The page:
As a consultation-liaison psychiatrist who has practised on the medical and surgical wards of a busy teaching hospital for over 20 years, I thoroughly enjoyed reading the article from Ms Young and Dr Everett regarding an ethical approach for patients who have both life-threatening medical illnesses and severe mental disorders [BCMJ 2015;57:434-437]. The algorithm they provided is consistent with my approach.
It was unfortunate that the management of the two complex cases they presented was not discussed in the article. The first case involved a patient who had both schizophrenia and was HIV-positive but denied having either illness and refused treatment for either of them. In my opinion it would be important to treat his HIV infection and reduce his viral load, even if he wasn’t certifiable for his schizophrenia, because of the potential harm to society if he was having unprotected sex. His delusion of not being HIV positive could be due to schizophrenia, CNS effects of his HIV infection, or other causes. Regardless, in my opinion the patient could be certified under the Mental Health Act and hospitalized because he has a mental illness and is at risk of harming others, as well as himself, due his delusional thinking and refusal to be treated for HIV. The question of whether the HIV infection could be treated against his will under the Mental Health Act would depend on whether his mental state was being significantly affected by the infection. The HIV infection, however, could be treated in hospital if he were found to be incompetent to make medical decisions regarding his care. The more significant difficulty with the case would be whether the patient could be forced to be treated long-term with antiretroviral agents, even if he were found to be incompetent of person and had a designated decision maker who agreed with his medical treatment. His schizophrenia could possibly be treated long-term against his will if he were placed on extended leave following his hospitalization. It is also possible that the patient might develop appropriate insight over time if his psychiatric illness were treated. The authors suggest that highly controversial options, such as deceiving patients (e.g., concealing medication in food), should be considered in complex cases. I agree that deceiving patients may be required in exceptional cases, but should rarely be used. Deception can become a slippery slope whereby patients lose all of their rights and autonomy and essentially become dehumanized. Even certified patients must be informed of the treatment they are being given.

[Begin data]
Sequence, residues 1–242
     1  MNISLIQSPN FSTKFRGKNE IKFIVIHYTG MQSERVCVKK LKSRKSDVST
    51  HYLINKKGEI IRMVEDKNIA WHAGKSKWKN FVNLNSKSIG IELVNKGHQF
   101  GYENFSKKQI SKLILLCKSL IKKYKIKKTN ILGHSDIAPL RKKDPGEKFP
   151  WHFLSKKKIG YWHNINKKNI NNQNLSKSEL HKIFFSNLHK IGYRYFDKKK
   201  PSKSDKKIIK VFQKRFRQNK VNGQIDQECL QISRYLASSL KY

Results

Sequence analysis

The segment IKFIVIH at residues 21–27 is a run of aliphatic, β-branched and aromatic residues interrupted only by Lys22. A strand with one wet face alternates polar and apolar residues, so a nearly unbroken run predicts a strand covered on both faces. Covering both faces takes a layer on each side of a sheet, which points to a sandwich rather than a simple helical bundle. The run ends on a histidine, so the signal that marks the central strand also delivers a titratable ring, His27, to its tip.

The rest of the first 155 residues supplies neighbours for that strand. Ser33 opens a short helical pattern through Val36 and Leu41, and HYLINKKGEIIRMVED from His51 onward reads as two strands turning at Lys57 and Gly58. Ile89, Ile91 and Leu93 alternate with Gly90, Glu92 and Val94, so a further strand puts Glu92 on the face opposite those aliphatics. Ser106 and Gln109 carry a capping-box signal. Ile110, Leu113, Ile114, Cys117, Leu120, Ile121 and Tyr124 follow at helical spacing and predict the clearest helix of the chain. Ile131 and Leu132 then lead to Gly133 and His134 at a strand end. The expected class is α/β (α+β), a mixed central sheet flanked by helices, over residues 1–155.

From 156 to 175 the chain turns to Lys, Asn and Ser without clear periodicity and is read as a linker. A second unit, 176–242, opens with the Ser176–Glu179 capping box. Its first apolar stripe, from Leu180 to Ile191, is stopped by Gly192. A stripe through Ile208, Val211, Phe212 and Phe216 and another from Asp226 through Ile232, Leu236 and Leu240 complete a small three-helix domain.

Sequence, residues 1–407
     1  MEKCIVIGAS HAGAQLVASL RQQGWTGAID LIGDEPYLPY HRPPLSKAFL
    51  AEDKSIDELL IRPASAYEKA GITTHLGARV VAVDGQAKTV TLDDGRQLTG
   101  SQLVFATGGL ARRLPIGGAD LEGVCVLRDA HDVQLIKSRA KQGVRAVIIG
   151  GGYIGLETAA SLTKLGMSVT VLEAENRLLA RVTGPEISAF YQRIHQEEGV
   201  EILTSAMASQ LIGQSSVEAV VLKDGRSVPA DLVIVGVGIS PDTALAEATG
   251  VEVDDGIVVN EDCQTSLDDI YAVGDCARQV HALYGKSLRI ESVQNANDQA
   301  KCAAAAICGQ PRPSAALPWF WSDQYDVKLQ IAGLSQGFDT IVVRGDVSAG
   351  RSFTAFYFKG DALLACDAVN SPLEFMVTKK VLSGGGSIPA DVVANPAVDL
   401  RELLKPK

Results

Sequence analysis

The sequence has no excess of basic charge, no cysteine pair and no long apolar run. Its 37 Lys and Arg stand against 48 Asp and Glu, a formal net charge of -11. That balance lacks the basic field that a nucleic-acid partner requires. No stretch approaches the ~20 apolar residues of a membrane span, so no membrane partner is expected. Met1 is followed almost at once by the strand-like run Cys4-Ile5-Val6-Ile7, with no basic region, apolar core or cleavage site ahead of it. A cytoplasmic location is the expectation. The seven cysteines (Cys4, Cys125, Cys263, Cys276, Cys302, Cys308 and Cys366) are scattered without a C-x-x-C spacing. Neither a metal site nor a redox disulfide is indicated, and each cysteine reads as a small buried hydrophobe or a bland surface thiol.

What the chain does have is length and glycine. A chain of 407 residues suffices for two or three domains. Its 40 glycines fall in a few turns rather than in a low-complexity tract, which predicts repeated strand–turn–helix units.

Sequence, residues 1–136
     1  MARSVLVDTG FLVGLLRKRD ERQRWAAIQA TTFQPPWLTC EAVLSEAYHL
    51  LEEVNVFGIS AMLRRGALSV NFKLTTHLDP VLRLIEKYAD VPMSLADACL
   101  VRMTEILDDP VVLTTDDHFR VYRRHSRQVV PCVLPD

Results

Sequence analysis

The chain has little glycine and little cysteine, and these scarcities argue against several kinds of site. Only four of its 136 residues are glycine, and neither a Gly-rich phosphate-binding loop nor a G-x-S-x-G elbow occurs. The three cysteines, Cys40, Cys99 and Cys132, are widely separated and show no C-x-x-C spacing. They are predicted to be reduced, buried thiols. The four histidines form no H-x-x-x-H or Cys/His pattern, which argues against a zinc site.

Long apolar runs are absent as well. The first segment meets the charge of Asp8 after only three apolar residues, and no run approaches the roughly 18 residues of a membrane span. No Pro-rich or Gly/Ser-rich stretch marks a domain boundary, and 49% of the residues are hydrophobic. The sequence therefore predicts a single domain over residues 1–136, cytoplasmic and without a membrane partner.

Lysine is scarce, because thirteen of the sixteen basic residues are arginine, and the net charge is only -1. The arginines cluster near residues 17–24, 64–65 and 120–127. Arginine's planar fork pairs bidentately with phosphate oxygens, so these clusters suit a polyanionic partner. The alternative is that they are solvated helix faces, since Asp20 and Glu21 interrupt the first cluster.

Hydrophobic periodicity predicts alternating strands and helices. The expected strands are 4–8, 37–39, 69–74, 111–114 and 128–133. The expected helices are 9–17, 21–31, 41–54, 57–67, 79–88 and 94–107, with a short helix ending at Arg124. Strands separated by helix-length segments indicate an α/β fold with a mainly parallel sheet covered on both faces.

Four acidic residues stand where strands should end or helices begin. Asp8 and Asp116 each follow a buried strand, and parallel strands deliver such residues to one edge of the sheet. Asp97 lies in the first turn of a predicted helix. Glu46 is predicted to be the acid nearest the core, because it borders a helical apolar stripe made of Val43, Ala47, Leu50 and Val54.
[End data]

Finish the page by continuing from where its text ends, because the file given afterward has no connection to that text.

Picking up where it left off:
I would like to thank the authors for outlining their thoughtful approach for managing complex medical-psychiatric patients, and I would recommend that input from clinical ethicists be sought in these difficult cases.
—Stephen Anderson, MD, FRCPC
Clinical Associate Professor, UBC Department of Psychiatry
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Halpern SD, Ubel PA, Caplan AL, Marion DW, Palmer AM, Schiding JK, et al. Solid-organ transplantation in HIV-infected patients. N Engl J Med. 2002;347:284-7.
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